Anne Silo, a parishioner at Holy Name of Jesus in New Rochelle, succinctly affirms that: “When he was director at Salesian High School, [his] Mass at Holy Name was packed because he gave terrific homilies.”

Fr. Frank is survived by two sisters, Margaret Picklo of Delran, N.J., and Mary Bernadette Kavanaugh of Dallas, Texas; a brother, Michael of Moorestown, N.J.; a sister-in-law, Mae Wolfram of Westmont, N.J.; and numerous nieces, nephews, grandnieces, and grandnephews. Two brothers, Joseph and Anthony, died earlier.

Fr. Frank was waked in the chapel of Salesian High School in New Rochelle, N.Y., on Friday, January 27. The Mass of Christian Burial was celebrated at St. Augustine Church in Larchmont, N.Y., on January 28. Fr. Tom Dunne presided, and Fr. Jim Heuser preached. Fr. Frank was buried in the Salesian Cemetery in Goshen.

Silence and World

Silence and Word
Path of Evangelization

This summary of the papal message for WCD 2012 was published Jan. 24 by ANS:

The centrality of the human person in the processes of communication and the balance necessary between the word and silence: these are the themes in Pope Benedict XVI’s message for the 46th World Communications Day. According to custom, the Holy Father issued his message on January 24, feast of St. Francis de Sales, patron of journalists. The message was presented at a press conference by Abp. Claudio Maria Celli, president of the Pontifical Council for Social Communication, and other officials of the Pontifical Council.

Each year in his message the Pope analyses the culture of communication in order to offer relevant suggestions to people and to guide the Church’s pastoral activity. In recent years Pope Benedict has given a great deal of attention to the processes and dynamics of communication, especially in the context of the cultural transformation brought about by technological development. In his message for 2012 the Holy Father turns his attention to a “classic” element of communication: the link between silence and word. Even though a classical one, this aspect is becoming ever more important in the context of the digital culture.

In his messages during the last three years, Benedict XVI has considered the dimensions and the potentials of the new technologies and the digital world. This year he goes to a deeper level in regard to communication, recalling the need for silence to be integrated with words “if authentic dialog and deep closeness between people are to be achieved.” Silence and word are “two aspects of communication which need to be kept in balance, to alternate and be integrated with each other.” Expression, in which a person says something about himself, cannot be the only thing that matters, since it is only in moments of silence that a person listens to another and allows a full human relationship to exist.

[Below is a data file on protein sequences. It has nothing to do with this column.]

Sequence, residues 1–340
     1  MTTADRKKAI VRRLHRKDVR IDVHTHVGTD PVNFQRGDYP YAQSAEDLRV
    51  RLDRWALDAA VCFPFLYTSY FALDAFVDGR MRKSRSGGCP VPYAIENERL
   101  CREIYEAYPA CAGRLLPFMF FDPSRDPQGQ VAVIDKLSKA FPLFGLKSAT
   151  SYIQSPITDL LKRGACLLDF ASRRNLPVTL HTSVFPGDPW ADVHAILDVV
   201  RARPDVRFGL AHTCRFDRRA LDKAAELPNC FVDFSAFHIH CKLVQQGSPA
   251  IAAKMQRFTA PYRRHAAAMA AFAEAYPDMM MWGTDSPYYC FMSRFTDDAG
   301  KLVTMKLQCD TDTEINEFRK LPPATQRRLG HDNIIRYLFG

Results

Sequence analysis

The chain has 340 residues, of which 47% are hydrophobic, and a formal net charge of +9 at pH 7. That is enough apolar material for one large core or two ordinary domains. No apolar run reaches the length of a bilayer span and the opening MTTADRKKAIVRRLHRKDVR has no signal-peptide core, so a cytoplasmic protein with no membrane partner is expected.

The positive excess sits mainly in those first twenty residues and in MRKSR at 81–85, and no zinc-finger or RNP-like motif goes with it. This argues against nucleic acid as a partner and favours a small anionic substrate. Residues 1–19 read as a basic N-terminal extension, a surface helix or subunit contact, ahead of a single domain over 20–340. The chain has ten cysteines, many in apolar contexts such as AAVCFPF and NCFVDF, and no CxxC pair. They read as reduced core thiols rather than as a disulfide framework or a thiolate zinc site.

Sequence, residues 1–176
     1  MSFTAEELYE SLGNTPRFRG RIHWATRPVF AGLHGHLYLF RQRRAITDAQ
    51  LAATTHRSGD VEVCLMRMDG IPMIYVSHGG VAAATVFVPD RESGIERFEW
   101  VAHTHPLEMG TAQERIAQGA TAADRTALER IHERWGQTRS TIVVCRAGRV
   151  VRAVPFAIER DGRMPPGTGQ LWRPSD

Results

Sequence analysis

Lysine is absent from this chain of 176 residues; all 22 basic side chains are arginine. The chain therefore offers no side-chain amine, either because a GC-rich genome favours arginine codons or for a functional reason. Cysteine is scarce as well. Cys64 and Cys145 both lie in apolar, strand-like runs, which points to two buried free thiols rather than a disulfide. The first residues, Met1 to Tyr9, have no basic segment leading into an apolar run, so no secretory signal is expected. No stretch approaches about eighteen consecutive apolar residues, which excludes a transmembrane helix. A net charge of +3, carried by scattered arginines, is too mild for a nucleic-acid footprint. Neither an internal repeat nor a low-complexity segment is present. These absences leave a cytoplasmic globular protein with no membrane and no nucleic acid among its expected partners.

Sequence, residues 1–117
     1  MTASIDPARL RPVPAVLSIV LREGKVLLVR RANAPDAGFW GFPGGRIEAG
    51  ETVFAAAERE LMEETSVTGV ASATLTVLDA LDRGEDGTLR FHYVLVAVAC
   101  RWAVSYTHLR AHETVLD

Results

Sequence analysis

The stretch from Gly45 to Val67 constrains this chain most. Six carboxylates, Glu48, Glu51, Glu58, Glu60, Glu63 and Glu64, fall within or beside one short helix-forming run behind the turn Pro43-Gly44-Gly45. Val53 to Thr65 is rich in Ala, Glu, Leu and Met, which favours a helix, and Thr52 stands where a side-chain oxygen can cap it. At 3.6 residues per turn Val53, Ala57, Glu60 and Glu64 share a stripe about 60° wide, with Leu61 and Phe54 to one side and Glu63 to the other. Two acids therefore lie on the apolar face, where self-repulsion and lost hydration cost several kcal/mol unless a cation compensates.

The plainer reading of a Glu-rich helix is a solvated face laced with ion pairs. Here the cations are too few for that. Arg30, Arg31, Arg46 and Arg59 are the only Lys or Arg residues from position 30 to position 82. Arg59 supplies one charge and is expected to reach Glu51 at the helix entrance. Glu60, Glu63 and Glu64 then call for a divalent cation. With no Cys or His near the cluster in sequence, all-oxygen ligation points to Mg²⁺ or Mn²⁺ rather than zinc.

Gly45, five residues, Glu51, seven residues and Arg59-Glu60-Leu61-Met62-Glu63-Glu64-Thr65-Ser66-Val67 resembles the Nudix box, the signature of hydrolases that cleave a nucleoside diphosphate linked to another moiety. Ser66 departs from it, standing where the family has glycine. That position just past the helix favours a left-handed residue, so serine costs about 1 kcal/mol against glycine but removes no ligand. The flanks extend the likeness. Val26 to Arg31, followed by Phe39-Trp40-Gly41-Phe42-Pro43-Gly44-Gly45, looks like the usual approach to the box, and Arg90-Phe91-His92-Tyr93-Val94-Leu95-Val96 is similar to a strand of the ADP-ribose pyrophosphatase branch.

In man’s heart there is a constant restlessness, the Pope observes – a search that is expressed through questions about meaning: “Men and women cannot rest content with a superficial and unquestioning exchange of skeptical opinions and experiences of life. All of us are in search of truth.” Today through social networks and new technologies the continuous exchange of ideas between individuals is encouraged, but “people today are frequently bombarded with answers to questions they have never asked and to needs of which they were unaware. If we are to recognize and focus upon the truly important questions, then silence is a precious commodity that enables us to exercise proper discernment in the face of the surcharge of stimuli and data that we receive.” Silence “helps people to rediscover themselves and that Truth which gives meaning to all things,” i.e., God.

“For this to happen, it is necessary to develop an appropriate environment, a kind of ‘eco-system’ that maintains a just equilibrium between silence, words, images, and sounds.” In this area the Pope is well aware of the opportunities offered by digital technologies, when he seems to make a clear reference to Twitter: “In concise phrases, often no longer than a verse from the Bible, profound thoughts can be communicated, as long as those taking part in the conversation do not neglect to cultivate their own inner lives.” Perhaps this is also a reference to the comments made by bishops and theologians about their use of social media to encourage reflection by the public.

The final part of the Pope’s message is devoted to education in communication, a task to which those who use communication are called: “Learning to communicate is learning to listen and contemplate as well as to speak. This is especially important for those engaged in the task of evangelization: both silence and word are essential elements, integral to the Church’s work of communication for the sake of a renewed proclamation of Christ in today’s world.”